‘Soros’ Review: A Philanthropist in the Spotlight

Opening with a montage in which the financier George Soros is shown as the object of unrelenting anti-Semitic conspiracy theories, the documentary “Soros” positions itself as a corrective. The movie highlights Soros’s life as a Holocaust survivor, successful investor and, mainly, philanthropist. It lays out how Soros contributed to such causes as fighting apartheid, aiding democratizing forces in the Soviet Union and, lately, a closing title card says, helping Covid-19 relief efforts.

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This isn’t an objective portrait and doesn’t aspire to be. Directed by Jesse Dylan, who for several years did video production work for Soros’s philanthropic organization Open Society Foundations (and also directed an “American Pie” sequel), the film boasts interviews with Soros, his adult children and various humanitarians who have worked with him. It’s light on biographical detail. While we hear about Soros’s upbringing and influences (like his father or the philosopher Karl Popper), the most insight we get into his business career is in an anecdote about how he reacted to news of financial troubles at Rolls-Royce.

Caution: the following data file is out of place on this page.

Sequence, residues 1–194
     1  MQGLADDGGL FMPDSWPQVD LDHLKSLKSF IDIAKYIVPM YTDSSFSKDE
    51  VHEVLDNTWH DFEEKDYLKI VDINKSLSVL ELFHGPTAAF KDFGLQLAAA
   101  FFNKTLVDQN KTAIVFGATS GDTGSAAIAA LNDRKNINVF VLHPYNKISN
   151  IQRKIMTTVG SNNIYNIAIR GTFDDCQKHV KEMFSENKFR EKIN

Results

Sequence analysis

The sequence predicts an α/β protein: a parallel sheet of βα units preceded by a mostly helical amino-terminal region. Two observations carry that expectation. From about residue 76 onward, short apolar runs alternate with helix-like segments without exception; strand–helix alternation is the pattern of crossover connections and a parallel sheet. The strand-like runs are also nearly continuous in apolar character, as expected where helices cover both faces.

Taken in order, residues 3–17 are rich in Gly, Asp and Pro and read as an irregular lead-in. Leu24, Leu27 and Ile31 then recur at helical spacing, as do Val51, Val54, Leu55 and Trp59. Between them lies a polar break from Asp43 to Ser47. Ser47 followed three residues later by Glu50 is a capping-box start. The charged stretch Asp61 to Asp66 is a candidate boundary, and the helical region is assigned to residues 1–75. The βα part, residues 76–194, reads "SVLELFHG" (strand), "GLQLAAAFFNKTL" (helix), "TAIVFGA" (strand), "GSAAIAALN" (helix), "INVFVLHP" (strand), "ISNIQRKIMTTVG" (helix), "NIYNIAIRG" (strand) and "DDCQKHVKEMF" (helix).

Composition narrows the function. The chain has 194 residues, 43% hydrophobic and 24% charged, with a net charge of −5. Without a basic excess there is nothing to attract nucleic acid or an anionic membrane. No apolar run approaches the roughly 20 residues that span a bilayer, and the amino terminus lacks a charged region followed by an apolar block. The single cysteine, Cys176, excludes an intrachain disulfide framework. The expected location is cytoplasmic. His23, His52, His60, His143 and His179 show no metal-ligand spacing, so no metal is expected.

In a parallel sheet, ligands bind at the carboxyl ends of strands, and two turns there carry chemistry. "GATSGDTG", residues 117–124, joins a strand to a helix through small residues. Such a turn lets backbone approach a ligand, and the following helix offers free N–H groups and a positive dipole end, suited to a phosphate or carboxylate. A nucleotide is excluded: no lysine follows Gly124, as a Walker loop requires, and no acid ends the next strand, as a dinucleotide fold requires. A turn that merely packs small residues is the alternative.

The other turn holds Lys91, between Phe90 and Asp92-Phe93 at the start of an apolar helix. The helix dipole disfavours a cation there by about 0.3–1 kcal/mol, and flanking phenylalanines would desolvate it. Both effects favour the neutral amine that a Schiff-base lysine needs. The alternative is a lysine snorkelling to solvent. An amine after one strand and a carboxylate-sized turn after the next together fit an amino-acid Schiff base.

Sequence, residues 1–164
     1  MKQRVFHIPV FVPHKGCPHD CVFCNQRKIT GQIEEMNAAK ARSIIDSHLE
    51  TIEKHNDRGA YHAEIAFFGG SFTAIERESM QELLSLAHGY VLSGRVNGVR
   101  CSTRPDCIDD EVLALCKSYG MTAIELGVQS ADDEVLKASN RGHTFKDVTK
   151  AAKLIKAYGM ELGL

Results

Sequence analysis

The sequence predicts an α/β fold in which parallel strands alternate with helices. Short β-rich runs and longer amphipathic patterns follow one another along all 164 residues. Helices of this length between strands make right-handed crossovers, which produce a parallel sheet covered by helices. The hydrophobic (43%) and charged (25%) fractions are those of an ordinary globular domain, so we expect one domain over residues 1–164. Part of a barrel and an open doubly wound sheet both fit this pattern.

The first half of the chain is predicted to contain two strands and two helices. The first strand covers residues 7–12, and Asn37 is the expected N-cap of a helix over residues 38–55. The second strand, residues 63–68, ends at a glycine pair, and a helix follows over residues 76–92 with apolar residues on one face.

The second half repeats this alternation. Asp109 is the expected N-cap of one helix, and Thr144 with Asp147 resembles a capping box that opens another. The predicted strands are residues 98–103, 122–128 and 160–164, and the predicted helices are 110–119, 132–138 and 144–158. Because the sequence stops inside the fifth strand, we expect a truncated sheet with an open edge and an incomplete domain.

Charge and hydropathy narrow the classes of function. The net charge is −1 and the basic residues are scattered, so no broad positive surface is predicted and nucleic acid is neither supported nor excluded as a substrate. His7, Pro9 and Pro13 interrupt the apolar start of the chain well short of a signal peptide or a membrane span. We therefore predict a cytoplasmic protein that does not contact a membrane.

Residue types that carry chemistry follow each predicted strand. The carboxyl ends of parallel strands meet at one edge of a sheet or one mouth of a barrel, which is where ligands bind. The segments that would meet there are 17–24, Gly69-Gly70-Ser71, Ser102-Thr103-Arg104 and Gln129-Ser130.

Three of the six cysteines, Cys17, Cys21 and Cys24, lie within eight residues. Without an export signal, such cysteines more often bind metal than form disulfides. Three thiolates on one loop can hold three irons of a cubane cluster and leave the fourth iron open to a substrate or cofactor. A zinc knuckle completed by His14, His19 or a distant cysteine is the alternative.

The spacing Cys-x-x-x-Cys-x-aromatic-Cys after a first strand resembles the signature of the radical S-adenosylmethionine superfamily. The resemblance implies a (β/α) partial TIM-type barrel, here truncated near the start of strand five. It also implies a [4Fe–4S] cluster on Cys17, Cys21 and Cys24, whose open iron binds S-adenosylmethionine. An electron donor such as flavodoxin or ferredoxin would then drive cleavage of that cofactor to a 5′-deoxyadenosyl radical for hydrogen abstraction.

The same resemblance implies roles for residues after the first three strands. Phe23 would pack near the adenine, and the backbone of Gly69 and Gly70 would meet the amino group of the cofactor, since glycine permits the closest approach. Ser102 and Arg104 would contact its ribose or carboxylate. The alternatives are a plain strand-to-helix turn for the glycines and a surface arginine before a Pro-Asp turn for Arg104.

But even as hagiography, “Soros” is unfocused; it races from topic to topic, with clips that seem arbitrary at best. (To describe the atmosphere at the fall of the Soviet Union, why not cut to James Hetfield of Metallica?) “George always feels an individual can make a difference, and doesn’t hesitate to try,” says Kofi Annan, the former United Nations secretary general, in an interview, offering a typical platitude. Soros is forthright in acknowledging that his wealth has made such difference-making easier. It hasn’t, however, made him a dynamic movie subject.

Soros
Not rated. Running time: 1 hour 25 minutes. Watch through virtual cinemas.

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